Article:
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Translate software online

Instead of QT linguist, IUpdate and IRelease
  [vote for,

A website that allows any project in any programming language, to do i18n (internationalization) translation of the user interface and experience to various (human) languages, including the graphics and locations of objects for BIDI code.

The output is source code that the project managers and programmers can use to immediately have a translation out of the box.

Since it will be open source and free, all the programs in any environment will be happy to use it.

Since it will be working with many programs, many of the words can be automatically translated with an initial translation. [thanks scad]

A dynamic "screenshot" of the messages, and the software itself with translated parts inserted in it will be available to the manager as well, and code to run the program and have it tested for language readability and intuitiveness.

pashute, Nov 11 2014

What started me off on this... https://trac.videol...wiki/HowToTranslate
[pashute, Nov 11 2014]


       // words can [be] automatically translated //   

       I'm not 100% sure what the flow you intend to use is. My first impression was that the translations would be made real time by the application querying for the desired translation, but on a second reading I don't think that's what you meant.   

       Is it a system of tools for translation that requires the tools to be run online? The advantage would be that the translations made by users end up being stored online, forming a database so that future software translation with similar text can be translated somewhat automatically.   

       Also, if the tools are used to generate several "official" translations included with the software package, a user in a non-supported language could request an auto-translation from the online system. The auto-translated version probably wouldn't be "good", but might be marginally usable, and users could tweak the automatic translation, fixing grammar, adjusting graphics positions, etc. the modified auto-translations could be stored online for the benefit of other users. There would of course need to be some kind of voting system and a way to suggest changes to an existing translations (branch translation and modify, then send a message). The software author could branch a good user- submitted translation (branching will automatically give credit to the contributors), set it as the default translation for a particular language, and include it in future releases. The author would have the option to flag (but not remove) translations that were deemed to not be serious translations. That would allow people to have their fun, but avoid causing trouble for people who actually want to find a usable translation to get work done. Maybe the rating system needs a five star rating for quality/usefulness and a separate 5 star rating for humor.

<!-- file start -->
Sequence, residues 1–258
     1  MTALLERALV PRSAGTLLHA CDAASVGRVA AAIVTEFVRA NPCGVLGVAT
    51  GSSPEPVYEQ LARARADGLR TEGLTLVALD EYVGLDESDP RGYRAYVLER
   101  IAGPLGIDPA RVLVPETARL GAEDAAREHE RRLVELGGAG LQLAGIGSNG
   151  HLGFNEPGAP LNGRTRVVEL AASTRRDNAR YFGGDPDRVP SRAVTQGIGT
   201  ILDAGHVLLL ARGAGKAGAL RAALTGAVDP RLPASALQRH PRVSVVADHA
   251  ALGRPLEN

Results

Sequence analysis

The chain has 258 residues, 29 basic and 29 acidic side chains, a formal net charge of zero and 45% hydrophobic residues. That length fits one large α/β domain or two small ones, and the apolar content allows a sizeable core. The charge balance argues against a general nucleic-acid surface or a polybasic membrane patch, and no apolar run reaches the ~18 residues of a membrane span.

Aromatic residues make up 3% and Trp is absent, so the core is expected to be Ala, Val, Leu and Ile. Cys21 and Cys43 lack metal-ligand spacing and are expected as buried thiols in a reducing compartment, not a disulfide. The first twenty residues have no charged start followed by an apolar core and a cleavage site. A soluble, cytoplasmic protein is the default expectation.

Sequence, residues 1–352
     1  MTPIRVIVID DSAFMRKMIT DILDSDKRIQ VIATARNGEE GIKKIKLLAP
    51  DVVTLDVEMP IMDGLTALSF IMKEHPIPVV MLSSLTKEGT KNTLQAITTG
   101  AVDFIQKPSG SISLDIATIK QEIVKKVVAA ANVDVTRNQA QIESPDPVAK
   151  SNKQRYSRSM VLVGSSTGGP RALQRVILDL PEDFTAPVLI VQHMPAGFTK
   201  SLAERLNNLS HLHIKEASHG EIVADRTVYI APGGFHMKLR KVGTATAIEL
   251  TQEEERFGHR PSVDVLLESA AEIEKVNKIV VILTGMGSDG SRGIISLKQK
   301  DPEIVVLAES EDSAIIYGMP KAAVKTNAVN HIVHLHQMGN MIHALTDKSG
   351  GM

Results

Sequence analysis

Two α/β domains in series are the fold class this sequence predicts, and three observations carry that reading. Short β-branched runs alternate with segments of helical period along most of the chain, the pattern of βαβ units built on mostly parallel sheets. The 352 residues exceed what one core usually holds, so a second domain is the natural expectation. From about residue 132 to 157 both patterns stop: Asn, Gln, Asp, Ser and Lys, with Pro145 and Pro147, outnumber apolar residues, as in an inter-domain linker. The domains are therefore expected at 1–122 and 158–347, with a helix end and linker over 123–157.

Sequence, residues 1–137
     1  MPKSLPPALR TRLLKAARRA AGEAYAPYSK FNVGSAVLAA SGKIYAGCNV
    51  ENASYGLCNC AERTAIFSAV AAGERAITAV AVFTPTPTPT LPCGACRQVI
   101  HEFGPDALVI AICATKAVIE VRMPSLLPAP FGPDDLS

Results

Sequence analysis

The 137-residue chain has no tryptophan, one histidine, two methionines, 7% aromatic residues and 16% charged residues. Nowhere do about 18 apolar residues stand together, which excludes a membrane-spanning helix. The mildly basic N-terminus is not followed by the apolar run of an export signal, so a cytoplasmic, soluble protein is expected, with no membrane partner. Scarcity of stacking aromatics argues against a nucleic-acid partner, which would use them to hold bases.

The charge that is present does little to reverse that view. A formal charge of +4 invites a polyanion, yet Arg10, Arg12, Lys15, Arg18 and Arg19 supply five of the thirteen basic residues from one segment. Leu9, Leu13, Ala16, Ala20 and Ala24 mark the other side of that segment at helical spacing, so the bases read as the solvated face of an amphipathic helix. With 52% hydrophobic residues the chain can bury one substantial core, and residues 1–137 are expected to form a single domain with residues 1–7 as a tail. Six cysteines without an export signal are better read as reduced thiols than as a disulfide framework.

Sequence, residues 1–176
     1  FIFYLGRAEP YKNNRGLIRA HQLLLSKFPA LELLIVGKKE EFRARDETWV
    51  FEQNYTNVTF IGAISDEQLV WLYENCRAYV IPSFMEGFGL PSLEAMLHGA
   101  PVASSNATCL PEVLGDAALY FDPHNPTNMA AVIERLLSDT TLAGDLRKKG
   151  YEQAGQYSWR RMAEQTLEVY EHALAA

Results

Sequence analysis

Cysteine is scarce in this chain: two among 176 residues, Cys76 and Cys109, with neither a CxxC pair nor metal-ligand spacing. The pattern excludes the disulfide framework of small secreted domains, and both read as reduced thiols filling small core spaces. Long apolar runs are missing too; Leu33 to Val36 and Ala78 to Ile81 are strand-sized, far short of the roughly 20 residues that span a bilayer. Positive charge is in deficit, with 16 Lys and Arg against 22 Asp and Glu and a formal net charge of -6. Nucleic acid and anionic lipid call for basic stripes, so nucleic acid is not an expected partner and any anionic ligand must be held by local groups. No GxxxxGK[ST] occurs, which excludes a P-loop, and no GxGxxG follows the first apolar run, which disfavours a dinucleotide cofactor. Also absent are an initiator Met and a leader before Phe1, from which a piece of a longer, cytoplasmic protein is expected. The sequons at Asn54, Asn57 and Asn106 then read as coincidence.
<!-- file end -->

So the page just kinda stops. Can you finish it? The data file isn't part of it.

scad mientist, Nov 11 2014

       I can imagine automated translation of source code between different languages. However, I'm not convinced that the result would be very easy to understand, update or maintain.
MaxwellBuchanan, Nov 11 2014

       Aha. So if I had a program I'd written in C++, and wanted it in Python or Silkworm or Ptarmigan or whatever, would I get back something I could understand?
MaxwellBuchanan, Nov 11 2014

       It's easy enough to do a dynamic translation including character sets, and pretty much impossible to get it so that they'll all look right, on the page.   

       //program written// nah, human languages: auto-translating programs from one computer language to another never work with any semblance of sanity.
FlyingToaster, Nov 11 2014

       In fact I have to the best of my knowledge a deep understanding of internationalization in software. I lead internationalization of the first VOD Phone in the world, at IBM, and then participated in translation of several open source packages. I also was part of the giant effort of translation of Google Translate, and of Facebook.   

       And no, I was not proposing programming language conversion such as conversion from ADA to COBOL, or from java to C# (just change the capital letters to lowercase and vice versa).   

       There are various ways to achieve internationalization. Most software is "closed" in DLLs etc. so that the user cannot easily change the foundations such as the menus, the texts and the warning messages. The "strings" are usually kept in a "hardcoded" table or in a database and loaded dynamically into the program. Translators are given a table with the words to translate, and the graphics.   

       Things start getting really complicated when dealing with BIDI (bi-directional) languages written from right-to-left, with English or other left-to-right languages inserted in between. Some BIDI languages are Japanese, Hebrew and Arabic.   

       For example, in an online two page book, the cover of a RTL book is on the BACK of the book with LTR. But the cover page is printed in one peace (for the cover, the back and the side). So all graphics have to be re- aligned. The size of the text is also a consideration. The font and the shape are many times part of the graphic...   

       And the worst part is that literal translation is not always what is desired. When the unfortunate PM of Argentine visited Brasil in an historical event, he translated from his native Castillian to Portuguese and said: "We've had our ups and downs". Only to hear the hundreds of thousands of Brazilians burst out laughing.
pashute, Nov 17 2014

       so umm "wouldn't it be nice if..."
FlyingToaster, Nov 17 2014


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